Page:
Tag Archives: candied citron

A Sicilian cocktail party, a lost recipe, the triumph of gluttony

gluttony-01 This week, Liz and I are gatecrashing a Sicilian cocktail party! What is a Sicilian party without drinks and food? Liz brings Clam Casino (below left) and a gorgeous coloured negroni (below right); I went for sweets from Sicilian convents with the Triumph of Gluttony. liz-clams-casinoliz-negroni

To read about our partying hijinks and get the clam and cocktail recipes, please head over to Liz’s blog (where you will also find the Dr Who cocktail (squee), bread on a stick, N2O gas-leavened cakes, and more fun than you can poke a pogo stick at).

{Interlude … }

{ I’ll be here sipping a negroni when you come back }

gluttony-06gluttony-07gluttony-08 A triumphal idea As for the Triumph of Gluttony, this is not so much a recipe as a tumble of ideas, an attempt to turn words on a page into something real, sans star trek replicator. The moment I read about the Triumph of Gluttony in Mary Simeti Taylor’s book, Sicilian Food, a love affair was born. It was an unrequited love affair, because Ms Simeti Taylor said each convent had its secret recipes that were, or are likely to become, forgotten with the last generation of nuns. So, I did what any mildly obsessive home cook would do, and made my own. For anyone who’s had the real Triumph of Gluttony from Palermo convents, this ain’t it. But if you didn’t make it before the convent stopped selling them to the public, this is for you.

PS, it’s also for everyone at Angie’s Fiesta Friday bash, you should also visit my co-gatecrasher Liz’s blog for the full story!!

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Panforte, with skill, daring and panache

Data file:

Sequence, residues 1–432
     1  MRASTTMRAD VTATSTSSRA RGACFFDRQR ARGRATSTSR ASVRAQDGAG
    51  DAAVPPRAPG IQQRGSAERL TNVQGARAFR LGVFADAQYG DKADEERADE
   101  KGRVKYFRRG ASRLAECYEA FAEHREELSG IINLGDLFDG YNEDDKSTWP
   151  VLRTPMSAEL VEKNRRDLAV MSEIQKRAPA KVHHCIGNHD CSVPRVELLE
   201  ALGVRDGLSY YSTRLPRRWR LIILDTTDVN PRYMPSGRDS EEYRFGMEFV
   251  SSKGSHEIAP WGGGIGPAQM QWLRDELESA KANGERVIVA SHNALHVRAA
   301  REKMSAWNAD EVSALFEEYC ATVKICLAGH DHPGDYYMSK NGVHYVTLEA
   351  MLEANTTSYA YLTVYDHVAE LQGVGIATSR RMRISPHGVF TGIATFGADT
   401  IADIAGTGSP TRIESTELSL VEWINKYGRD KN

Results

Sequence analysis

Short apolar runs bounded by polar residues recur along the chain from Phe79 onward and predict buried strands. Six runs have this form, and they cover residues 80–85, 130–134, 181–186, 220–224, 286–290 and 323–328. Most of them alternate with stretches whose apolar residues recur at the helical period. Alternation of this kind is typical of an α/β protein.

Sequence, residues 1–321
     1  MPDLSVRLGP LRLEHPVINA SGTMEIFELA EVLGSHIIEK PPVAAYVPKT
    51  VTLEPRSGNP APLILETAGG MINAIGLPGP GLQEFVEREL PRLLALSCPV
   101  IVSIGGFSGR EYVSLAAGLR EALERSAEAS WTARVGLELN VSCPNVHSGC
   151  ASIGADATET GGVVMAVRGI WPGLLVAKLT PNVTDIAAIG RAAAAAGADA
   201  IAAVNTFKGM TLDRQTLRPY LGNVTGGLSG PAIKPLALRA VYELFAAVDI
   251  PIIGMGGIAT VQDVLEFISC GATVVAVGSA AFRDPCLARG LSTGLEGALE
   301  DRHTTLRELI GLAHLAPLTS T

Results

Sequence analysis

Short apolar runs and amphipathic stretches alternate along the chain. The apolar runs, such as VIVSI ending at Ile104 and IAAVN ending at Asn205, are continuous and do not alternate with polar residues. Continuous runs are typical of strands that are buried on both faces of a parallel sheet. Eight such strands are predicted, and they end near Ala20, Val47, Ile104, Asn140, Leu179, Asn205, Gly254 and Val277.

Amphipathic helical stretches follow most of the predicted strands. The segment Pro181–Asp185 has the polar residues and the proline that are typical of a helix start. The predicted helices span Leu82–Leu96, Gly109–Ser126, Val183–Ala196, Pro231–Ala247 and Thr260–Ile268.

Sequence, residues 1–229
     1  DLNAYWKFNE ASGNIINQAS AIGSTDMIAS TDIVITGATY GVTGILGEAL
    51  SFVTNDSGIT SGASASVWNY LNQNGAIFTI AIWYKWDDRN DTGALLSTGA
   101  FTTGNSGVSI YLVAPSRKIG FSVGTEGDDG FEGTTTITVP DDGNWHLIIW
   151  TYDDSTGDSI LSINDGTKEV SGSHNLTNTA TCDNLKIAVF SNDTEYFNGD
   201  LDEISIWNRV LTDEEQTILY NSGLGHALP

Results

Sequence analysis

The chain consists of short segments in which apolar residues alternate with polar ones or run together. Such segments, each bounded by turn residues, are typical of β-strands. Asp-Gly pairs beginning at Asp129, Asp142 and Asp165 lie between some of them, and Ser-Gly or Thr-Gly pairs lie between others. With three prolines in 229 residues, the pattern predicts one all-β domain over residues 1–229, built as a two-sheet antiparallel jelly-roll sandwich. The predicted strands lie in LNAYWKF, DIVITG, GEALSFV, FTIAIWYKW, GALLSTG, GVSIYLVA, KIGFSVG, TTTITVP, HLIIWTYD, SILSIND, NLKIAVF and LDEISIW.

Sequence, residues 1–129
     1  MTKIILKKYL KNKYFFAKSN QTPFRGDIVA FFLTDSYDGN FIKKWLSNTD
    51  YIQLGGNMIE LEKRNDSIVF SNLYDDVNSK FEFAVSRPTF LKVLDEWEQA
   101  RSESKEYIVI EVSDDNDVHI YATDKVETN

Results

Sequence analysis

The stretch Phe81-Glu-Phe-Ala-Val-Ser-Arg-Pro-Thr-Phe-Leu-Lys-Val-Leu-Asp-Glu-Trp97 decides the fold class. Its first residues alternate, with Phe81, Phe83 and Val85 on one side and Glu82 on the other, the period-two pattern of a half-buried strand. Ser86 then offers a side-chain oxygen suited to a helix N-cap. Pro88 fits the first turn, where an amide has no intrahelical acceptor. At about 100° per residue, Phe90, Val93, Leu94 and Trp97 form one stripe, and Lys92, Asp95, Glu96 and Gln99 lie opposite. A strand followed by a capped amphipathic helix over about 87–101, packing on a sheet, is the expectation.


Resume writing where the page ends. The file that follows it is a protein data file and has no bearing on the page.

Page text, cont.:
More than most other cakes I’ve made, panforte called for skill, daring and panache, and a readiness for adventure.

Panforte, or strong bread, floods our shops at Christmas next to panettone and whisky fruit cake, then disappears for the rest of the year. I like to hoard panforte for a couple of months after Christmas, nibbling on thin slices with an afternoon coffee. Dark, rich with nuts and fruits, mysterious with peppery spices, it also tells me whether it’s time for a visit to the dentist.

I first saw a recipe for panforte a year ago. It stuck in the back of my mind. It nagged me every month or so. When I looked for a recipe to use up the nuts and dried fruits in our kitchen pantry, before a five week holiday, the recipe raised its head and said ‘aha!’

It wasn’t quite that simple.

In the two weeks before our holiday, work reached fever pitch. It felt as though I was working into the night, and woke up the next morning simply to start again. We had more takeaways than home-cooked meals, Mr Gander found a new favourite Turkish pide vendor. The recipe sat in the neglected kitchen and looked at me with sad puppy eyes. Then, miraculously, work had a lull, I was home early, there was nothing to do except cook a proper meal and bake. And bake I did.

Oh boy.

We had blueberry & lemon mini-bundt cakes, a savoury goat cheese & pistachio loaf, a mysterious concoction that is best described as white choc macadamia blondies topped with coconut-walnut macaroons (turned out surprisingly well, considering there was no recipe and I simply added butter and sugar until there was no butter or sugar left). I also made panforte.


We invited people around and ate everything except the panforte. It was sliced, dusted with icing sugar, inexpertly wrapped, and we were away to Europe.

Upon our return, I unwrapped one package to find a dark, dark cake that…looked and tasted more or less like panforte!!

There is the sticky, mellow undertone of honey, a pick-me-up from spices and black pepper, and the age-old play between Christmas-y nuts and candied and dried fruits. It was dark, tending to black, contrasting with snow-white icing sugar. It was less tooth-breaking than commercial panforte, and less evenly mixed, but was still best enjoyed in thin slices, with a strong black coffee or whisky. I have just made my first panforte.

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